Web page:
University of Rochester researchers announce in the current issue of Applied Optics a technique that in 60 seconds or less measures multiple chemicals in body fluids, using a laser, white light, and a reflective tube. The technique tests urine and blood serum for common chemicals important to monitoring and treatment of diabetes and cardiovascular, kidney, urinary and other diseases, and lends itself to the development of fast batch testing in hospitals and other clinical settings.
Co-researchers Andrew J. Berger, associate professor of optics, and Dahu Qi, doctoral candidate, used low-refractive-index tubes instead of cuvettes or other bulky containers for holding biological specimens. And, to get more information from the fluids, they used white light?like that from an ordinary light bulb?along with the laser. The tubes and light bulbs made all the difference.
In the laser technique called Raman spectroscopy, scientists shine laser light onto molecules and the light scatters off, gaining or losing energy. A spectrograph translates the changed energies into spectra. Each chemical presents a Raman spectrum that scientists recognize. The Raman approach is a favorite for finding chemicals that overlap and mix in fluid, much like musical instruments in an orchestra. But Raman spectroscopy comes with a problem.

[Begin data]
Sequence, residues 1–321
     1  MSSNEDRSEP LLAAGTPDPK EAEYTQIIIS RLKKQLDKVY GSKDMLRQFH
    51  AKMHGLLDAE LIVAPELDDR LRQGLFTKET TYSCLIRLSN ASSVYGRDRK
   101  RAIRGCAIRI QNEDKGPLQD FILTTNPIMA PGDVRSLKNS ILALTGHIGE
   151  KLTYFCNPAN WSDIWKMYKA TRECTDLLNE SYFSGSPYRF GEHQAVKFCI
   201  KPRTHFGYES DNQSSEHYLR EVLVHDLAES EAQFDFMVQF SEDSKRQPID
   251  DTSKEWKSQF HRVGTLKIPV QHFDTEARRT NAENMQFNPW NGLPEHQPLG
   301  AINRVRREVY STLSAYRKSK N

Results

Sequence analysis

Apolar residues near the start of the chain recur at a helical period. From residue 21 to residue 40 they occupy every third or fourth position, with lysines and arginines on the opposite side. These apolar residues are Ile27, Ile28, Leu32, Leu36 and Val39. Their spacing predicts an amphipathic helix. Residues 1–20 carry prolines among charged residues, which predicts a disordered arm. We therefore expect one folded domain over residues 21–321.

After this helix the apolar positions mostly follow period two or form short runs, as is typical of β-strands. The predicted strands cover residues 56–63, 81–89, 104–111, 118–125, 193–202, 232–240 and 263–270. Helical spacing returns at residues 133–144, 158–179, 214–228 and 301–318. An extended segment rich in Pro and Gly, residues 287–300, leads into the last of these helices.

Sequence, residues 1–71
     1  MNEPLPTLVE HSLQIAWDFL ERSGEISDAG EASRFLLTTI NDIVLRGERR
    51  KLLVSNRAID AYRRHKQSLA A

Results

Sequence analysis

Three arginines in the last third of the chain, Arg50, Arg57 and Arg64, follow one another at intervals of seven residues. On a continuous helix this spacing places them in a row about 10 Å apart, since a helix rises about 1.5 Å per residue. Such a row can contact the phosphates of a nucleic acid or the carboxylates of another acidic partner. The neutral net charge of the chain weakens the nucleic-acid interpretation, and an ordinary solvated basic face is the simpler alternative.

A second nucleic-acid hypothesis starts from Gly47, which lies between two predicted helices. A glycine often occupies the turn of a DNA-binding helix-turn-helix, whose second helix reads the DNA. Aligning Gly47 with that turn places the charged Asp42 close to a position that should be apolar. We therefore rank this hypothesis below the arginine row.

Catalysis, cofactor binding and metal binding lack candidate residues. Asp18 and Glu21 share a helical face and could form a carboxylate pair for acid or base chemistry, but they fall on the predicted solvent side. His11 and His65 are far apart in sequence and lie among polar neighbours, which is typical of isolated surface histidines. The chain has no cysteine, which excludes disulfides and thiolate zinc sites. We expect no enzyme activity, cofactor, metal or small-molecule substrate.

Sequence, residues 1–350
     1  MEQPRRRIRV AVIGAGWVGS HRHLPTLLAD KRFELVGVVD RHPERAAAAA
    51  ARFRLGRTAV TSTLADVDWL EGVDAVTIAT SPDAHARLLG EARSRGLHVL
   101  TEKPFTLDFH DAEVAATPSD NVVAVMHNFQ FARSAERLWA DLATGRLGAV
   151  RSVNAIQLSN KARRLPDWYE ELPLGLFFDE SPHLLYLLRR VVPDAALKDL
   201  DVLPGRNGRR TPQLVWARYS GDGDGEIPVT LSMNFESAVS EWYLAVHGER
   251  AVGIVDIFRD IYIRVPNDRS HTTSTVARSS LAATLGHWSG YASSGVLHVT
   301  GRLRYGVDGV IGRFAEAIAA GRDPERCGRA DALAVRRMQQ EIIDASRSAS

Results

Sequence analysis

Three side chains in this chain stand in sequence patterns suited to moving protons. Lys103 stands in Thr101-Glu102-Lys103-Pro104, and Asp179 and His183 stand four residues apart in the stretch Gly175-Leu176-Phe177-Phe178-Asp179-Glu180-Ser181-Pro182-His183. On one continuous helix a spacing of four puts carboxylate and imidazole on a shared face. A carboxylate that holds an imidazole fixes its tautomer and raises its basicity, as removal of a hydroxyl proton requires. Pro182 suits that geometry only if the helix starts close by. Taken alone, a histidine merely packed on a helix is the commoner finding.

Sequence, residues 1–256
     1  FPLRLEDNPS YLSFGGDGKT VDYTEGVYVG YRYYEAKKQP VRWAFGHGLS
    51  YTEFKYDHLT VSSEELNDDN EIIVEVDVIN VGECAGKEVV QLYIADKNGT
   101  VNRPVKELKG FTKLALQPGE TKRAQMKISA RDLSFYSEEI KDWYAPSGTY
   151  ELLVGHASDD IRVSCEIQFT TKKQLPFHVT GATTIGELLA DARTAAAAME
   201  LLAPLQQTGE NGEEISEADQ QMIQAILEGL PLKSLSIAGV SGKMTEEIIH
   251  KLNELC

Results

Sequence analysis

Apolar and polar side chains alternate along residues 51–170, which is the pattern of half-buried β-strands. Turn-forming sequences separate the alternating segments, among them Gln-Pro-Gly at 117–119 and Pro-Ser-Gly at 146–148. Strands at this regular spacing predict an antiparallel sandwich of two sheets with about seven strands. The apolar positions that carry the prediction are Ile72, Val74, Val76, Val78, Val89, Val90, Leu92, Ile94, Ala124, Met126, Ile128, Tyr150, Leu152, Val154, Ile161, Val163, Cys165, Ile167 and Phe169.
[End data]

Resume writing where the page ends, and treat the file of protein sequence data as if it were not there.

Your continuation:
Raman signal is notoriously weak. Using it to test biofluids, with their lighter chemical concentrations than in many fluids, is not a natural choice. Berger and Qi injected fluid samples into a thin transparent tube specially made to contain the light, and the tubes long path length of interaction let the scientists collect more Raman scattering. "The tubes have a refractive index lower than water, so the light bounces along inside the liquid core, just as in solid optical fibers for telecommunications," said Berger. "Other groups had used these fibers to strengthen their Raman signals, so we wanted to see if we could translate that advantage
Contact: Jennifer Wettlaufer
University of Rochester